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Medicines run short in China as Covid wave surges

Due to surge in Covid cases in China there has been shortages of most common medicines (Pic. Courtesy ANI)

The huge wave of Covid infections in China has led to widespread shortages of the most common medicines used to treat flu-like symptoms and pharmacies have been told to ration the drugs.

According to a CNN report from Hong Kong, the local versions of Tylenol and Advil are nearly at drugstores across the country, fuelling anger and worry about the unavailability of basic medical supplies. Collective anxiety shot up after multiple state media publications started blaring the phrase: “Everyone is responsible for their own health first” in recent weeks.

To calm panic buying, regional governments have rolled out unusual measures to limit sales and increase supply of popular fever medications.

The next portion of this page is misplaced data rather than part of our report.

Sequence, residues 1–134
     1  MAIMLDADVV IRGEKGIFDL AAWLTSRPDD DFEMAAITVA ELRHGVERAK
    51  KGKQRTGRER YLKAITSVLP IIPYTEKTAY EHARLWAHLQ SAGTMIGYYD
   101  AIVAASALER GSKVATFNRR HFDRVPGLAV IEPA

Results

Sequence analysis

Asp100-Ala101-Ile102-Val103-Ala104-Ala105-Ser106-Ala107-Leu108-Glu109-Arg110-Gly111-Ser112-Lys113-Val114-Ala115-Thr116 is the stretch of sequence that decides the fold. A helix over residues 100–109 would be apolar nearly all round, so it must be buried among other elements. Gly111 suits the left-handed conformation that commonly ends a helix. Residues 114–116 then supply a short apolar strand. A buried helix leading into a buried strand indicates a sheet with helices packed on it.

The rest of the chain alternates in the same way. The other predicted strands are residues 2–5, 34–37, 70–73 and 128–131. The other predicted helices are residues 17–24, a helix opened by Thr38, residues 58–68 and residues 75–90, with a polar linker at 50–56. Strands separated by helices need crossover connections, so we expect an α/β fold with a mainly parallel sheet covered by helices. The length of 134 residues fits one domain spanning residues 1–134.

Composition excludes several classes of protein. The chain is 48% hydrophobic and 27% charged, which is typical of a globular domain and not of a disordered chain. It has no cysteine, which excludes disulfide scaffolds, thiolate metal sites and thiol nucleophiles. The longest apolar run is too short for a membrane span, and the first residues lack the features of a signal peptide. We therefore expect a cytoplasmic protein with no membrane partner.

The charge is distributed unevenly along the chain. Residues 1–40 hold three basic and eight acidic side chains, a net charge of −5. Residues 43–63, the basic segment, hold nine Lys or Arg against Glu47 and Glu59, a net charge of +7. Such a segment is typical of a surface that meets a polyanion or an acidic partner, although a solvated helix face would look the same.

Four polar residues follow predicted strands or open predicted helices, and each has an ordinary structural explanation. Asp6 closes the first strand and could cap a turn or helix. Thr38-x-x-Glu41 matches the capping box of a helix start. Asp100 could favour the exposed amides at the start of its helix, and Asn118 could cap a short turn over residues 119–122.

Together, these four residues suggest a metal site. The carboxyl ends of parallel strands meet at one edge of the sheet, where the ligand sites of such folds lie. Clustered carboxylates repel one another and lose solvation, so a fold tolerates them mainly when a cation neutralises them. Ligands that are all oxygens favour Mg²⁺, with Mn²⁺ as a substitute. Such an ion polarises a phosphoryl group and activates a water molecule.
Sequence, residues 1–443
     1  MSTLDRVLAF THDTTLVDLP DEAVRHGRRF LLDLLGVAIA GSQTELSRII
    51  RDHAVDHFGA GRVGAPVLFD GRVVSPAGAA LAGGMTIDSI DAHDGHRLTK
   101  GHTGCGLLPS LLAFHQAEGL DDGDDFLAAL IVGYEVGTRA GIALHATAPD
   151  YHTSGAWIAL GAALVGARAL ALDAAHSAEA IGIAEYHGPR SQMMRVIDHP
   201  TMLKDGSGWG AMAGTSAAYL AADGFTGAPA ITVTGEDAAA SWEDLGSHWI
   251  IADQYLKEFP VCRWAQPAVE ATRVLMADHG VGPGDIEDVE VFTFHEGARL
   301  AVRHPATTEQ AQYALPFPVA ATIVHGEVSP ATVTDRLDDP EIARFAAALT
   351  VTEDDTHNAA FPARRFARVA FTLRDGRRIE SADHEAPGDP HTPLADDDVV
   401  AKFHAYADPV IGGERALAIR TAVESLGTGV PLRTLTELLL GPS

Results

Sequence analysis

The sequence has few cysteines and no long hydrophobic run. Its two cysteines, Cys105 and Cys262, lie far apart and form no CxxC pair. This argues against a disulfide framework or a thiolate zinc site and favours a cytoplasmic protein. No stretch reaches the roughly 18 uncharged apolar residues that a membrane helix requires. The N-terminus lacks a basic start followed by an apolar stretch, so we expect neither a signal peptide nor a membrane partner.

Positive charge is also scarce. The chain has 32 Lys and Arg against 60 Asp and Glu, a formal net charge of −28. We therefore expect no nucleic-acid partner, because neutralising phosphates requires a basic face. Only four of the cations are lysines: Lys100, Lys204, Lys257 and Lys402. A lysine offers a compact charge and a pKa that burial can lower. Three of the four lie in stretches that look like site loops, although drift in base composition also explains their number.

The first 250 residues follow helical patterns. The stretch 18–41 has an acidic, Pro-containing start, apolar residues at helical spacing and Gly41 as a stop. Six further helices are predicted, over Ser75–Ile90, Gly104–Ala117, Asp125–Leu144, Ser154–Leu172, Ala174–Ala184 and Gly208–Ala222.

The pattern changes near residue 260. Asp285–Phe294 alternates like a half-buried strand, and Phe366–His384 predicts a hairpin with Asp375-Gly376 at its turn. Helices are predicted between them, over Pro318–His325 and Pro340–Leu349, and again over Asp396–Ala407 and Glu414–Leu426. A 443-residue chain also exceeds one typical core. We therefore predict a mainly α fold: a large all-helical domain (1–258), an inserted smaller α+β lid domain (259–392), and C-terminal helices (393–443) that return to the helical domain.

There are strict limits on what residents can buy. They can choose only one form of a particular fever drug, for example either the liquid or tablet form of ibuprofen. Purchases are strictly limited to a maximum of six tablets or 100 milliliters (3 ounces) of liquid per customer. And that’s for the whole week.

The Chinese authorities have started requisitioning medical supplies production across the country as millions struggle to obtain basic drugs and testing kits in the face of a surge in Covid-19 cases, according to an AFP report.

To address nationwide shortages, more than a dozen Chinese pharmaceutical firms have been tapped by officials to help “secure supplies” of key drugs according to local media reports.

Authorities have asked those with mild symptoms to stay at home and take treatment into their own hands as the hospitals are overwhelmed with the surge in Covid cases. But this has also led to panic buying leading to a run on everything from ibuprofen to rapid antigen tests.